Saturday, December 27, 2014

Do doctors owe patients their lives?

Disclaimer: this is my personal opinion, read at your own risk. Also, I'm venting.

Some patients barge into the clinic expecting their doctors to not only give them their best, but to give them their lives. They expect you to put everything at their disposal: your private time, your money, even your peace of mind.

Empathy is not sympathy, your doctor is not a CareBear and he/she is a real person.

When your doctor does his/her job they're not doing you a favour. They are professionals providing you with a very personal and sensitive service within the legal boundaries of the practice. I will not break any rules for you. I will give you my best, treat you politely, make sure you're as comfortable as possible. But I will not give you money, my personal phone number, or my private time (unless it's a life threatening emergency).

We believe in this job, or else we wouldn't be doing it. It's a big part of who we are, but it doesn't mean we owe you our selves. It takes too much of us the way it is anyway.

Also, if you try to cut in line or speak rudely, I'm sending you to another clinic. The least I expect from you is to stay on line and reciprocate the politeness you receive. I don't care if rudeness is the norm in your household, you are to behave politely in a clinic.

I owe you the professionalism, best treatment, most comfort I can provide. But not my life. My life is mine.

4 comments:

  1. Well stated. Some of the things people seemed to have expected of me:
    1) write fake notes to cover their insurance, overstaying a visa, not fulfilling their work or school obligations, etc

    2) take their annoying teenager home with me

    3) hospitalize their elderly relatives so they can go on vacation without them but with a clear conscience, and no personal financial outlay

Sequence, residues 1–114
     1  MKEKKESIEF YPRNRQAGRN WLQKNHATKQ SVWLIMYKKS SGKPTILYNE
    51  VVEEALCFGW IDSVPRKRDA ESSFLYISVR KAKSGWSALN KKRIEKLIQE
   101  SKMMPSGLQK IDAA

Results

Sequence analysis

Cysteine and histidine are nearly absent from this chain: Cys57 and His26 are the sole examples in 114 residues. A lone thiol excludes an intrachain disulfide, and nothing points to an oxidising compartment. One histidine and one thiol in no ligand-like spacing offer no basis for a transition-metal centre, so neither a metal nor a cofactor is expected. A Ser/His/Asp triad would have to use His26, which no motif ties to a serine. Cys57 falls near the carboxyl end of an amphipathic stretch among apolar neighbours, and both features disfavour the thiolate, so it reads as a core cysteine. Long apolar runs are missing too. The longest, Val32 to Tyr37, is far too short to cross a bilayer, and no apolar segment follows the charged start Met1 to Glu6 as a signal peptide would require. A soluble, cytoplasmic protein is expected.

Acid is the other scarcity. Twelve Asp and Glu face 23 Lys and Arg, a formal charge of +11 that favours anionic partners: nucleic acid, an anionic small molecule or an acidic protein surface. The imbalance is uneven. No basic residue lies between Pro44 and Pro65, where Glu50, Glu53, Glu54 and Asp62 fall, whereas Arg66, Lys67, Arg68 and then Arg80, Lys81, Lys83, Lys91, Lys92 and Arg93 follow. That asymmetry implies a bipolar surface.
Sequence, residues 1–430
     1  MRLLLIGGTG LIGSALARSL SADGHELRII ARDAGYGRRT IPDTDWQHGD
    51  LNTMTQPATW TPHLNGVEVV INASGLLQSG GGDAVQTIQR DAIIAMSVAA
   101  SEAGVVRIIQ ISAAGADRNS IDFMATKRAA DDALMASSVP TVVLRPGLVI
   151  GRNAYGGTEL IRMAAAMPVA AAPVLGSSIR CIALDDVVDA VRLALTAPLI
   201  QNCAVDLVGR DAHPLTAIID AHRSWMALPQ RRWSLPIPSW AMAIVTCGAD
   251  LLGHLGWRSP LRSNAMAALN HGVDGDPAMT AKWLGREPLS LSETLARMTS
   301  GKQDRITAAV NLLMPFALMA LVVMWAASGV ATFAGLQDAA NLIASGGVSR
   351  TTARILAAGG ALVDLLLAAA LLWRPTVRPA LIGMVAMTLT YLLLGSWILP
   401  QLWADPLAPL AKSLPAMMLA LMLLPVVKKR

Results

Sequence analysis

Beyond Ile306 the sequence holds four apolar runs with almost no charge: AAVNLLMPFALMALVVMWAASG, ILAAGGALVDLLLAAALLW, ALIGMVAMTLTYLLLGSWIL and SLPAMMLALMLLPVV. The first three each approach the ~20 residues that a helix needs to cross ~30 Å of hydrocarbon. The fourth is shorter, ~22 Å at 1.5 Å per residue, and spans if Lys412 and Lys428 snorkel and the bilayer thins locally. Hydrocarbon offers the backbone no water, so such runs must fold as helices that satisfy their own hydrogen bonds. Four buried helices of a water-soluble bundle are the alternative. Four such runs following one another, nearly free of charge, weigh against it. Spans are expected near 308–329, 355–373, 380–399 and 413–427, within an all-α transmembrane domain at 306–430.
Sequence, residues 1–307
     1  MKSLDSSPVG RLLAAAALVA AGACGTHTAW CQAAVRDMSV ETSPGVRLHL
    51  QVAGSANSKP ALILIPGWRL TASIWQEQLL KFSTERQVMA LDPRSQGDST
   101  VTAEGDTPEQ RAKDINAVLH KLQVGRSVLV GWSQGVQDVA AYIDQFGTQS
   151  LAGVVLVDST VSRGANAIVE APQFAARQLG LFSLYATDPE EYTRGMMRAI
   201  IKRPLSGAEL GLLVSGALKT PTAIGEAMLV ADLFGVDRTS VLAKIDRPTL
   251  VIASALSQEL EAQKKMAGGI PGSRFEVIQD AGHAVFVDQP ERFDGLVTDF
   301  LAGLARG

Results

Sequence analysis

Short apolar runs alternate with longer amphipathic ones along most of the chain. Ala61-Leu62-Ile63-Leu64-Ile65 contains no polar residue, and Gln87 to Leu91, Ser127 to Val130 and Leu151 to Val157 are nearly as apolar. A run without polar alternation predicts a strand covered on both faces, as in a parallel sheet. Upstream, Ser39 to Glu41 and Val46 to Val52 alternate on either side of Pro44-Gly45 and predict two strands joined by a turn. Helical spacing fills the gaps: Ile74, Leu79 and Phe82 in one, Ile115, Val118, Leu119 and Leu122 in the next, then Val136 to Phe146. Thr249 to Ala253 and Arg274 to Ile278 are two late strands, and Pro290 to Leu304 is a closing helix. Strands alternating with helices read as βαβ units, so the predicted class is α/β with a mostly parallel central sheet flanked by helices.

4) work for free

    5) work 24/7

    And that's just off the top of my head.

    Part of professionalism is setting boundaries! :)

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  2. When I used to teach, my students expected pretty much the same from me, especially because (in their minds) they've "paid" for it. I wasn't only their teacher, I was also their on-call therapist.

    Now my employer feels the same way. It sort of never ends.

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  3. Chiara and Nessie *hugs* Why do they do that? Would they think it's ok if people did this to them at their jobs?

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  4. Hugs to you, Souma!

    My thoughts on reasons:
    1) general sense of entitlement
    2) thinking the caring professions should care about them all the time, at their whim
    3) thinking that the privileged should work for it
    4) assumptions about women professionals as being more caring, easier to manipulate, just "mom" in another form

    I find the last to be sadly pertinent and prevalent.

    On a more generous note, I do think sometimes anxiety over health issues overrides a patient's (or their family's!) better sense and manners.

    Keep setting boundaries! Burning you out won't help anyone!

    BTW as an intern I had to smooth a situation before the (male) psychiatrist slugged the (male) family member who said, "I pay your salary!" [via taxes]. :)

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